- December 13, 2021
Our Recommendations from the React Native Plugin Ecosystem
We have tried many platforms to develop mobile apps in the past, but lately we’ve settled on React Native as our platform of choice. It allows us to build native cross-platform (iOS and Android) mobile applications—all from one codebase. And, because it’s just React under-the-hood, anyone on our staff can contribute without having specialized mobile app expertise. This allows us to quickly build an app prototype and rapidly iterate to complete a production-worthy application, in a fraction of the time it would take to build separate applications for each mobile platform.
Another reason for choosing React Native is its extensive plugin ecosystem. This means that for virtually any functionality we need, there’s already a plugin for that. We’d like to highlight some plugins that we’ve used with success.
NativeBase is a utility-based component library for React Native. We use NativeBase as a foundation for building user interfaces that are consistent across multiple mobile platforms. NativeBase’s primitive components—layouts, buttons, form inputs, modals, alerts, menus, toasts, etc.—truly provide the building blocks we need to construct a custom user interface. Accessibility, responsiveness, and cross-platform consistency are all provided out of the box. Just like one of our favorite CSS frameworks, Tailwind CSS, NativeBase is utility-first. This allows us to describe our UI components with a coherent set of styling utilities, which can be configured at the project level (spacing, colors, typography, etc.) and made consistent throughout our applications. NativeBase gives our projects a head start when it comes to building UI.
React Navigation is the go-to library when it comes to in-application page routing. Handling all the aspects of in-app navigation can be surprisingly complicated: there’s page routing, navigation history, back button control, deep linking, navigation tabs/menus, etc. React Navigation provides easy-to-use and well-documented tools to solve all of these interconnected problems. Judging from the consistent stream of releases (they’re up to version 6 now!), it’s clear that the authors of React Navigation take their stewardship seriously and are constantly moving this library forward.
Here at Happy Cog, we’re big fans of Stripe and Square and have been advocates for and customers to them for years. Stripe has finally created a first-party solution for React Native, while Square has excellent mobile payment SDKs for iOS and Android. The Stripe React Native SDK is a Swiss Army knife of utilities for handling payments in React Native. We can capture customer’s payment information securely and have the most onerous parts of PCI compliance handled for us by Stripe. We can also save the customer’s payment details for future purchases like credit card scanning, save-for-later functionality, Apple Pay / Google Pay support, and more.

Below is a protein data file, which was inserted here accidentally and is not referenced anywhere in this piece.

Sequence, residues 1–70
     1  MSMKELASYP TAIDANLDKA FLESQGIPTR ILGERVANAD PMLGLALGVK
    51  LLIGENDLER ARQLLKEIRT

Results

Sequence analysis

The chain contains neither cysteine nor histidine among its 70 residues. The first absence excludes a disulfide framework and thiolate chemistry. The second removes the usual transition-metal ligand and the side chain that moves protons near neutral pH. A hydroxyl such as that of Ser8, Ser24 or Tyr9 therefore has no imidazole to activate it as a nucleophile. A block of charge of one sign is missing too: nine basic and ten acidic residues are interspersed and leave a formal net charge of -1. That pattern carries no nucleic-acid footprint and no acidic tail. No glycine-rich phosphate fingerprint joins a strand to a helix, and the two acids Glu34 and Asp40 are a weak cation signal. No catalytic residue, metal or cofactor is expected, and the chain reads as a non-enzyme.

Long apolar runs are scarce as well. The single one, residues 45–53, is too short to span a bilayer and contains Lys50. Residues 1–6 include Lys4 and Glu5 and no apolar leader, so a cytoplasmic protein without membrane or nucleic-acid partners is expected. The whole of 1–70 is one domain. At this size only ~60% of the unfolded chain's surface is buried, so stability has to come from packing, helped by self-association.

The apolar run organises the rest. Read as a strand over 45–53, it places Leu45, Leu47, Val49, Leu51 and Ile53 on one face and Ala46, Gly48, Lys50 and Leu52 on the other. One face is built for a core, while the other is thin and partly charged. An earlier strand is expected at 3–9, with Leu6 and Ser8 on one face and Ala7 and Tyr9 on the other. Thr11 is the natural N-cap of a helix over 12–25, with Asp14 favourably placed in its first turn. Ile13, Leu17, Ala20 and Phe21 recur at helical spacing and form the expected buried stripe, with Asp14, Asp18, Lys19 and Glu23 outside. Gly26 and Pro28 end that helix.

(Source: Stripe’s “Accept a payment” Guide)
As for Square, we love their entire ecosystem for collecting payments on the web. Square’s React Native plugin for In-App Payments SDK is a bridge between the native iOS/Android SDKs and React Native. We’re really excited to have a wide range of options for collecting payments in React Native thanks to the Stripe and Square SDKs.
React Query is a data fetching and caching library. While data fetching libraries have been popular in the GraphQL API world for some time (see: Apollo Client and urql), this pattern has started to emerge in the REST API world, too. This represents a paradigm shift in how we build React applications. In the past, we’d have used Redux or other state management libraries as client-side cache for data fetched from our API. With React Query, we can reduce the footprint of our Redux usage and keep its associated boilerplate to a minimum. This frees us to use Redux for one simple purpose: client-side state management. Server-side fetching and caching are handled by React Query. Our React Query code is much less verbose and clearer in intent than the equivalent with Redux. There are now some similar libraries to React Query, like SWR and RTK Query, that we hope to experiment with in the future. React Query is fully compatible with React Native out of the box.
React Native Firebase is an SDK for React Native to interact with the many services that Firebase provides. Firebase is a cloud-based mobile back-end PaaS that has multiple utility services for building mobile apps, such as authentication, real-time NoSQL database, mobile notifications, analytics, crash and error logging.
We’ve used a number of these services. Firebase’s Cloud Firestore is an auto-scaling, globally available NoSQL database, and with the Firebase SDK we can sync data from our database to our React Native application in real-time with ease. Firebase Authentication is a user identity service, providing utilities to register and authenticate users. Firebase also has a pre-built UI for React Native that we can use to quickly build your login and sign up screens.
React Native has quickly become a vital tool in our arsenal, due in no small part to its rich selection of open source plugins. We anticipate building many more mobile apps for our clients with React Native and exploring more of the React Native plugin ecosystem.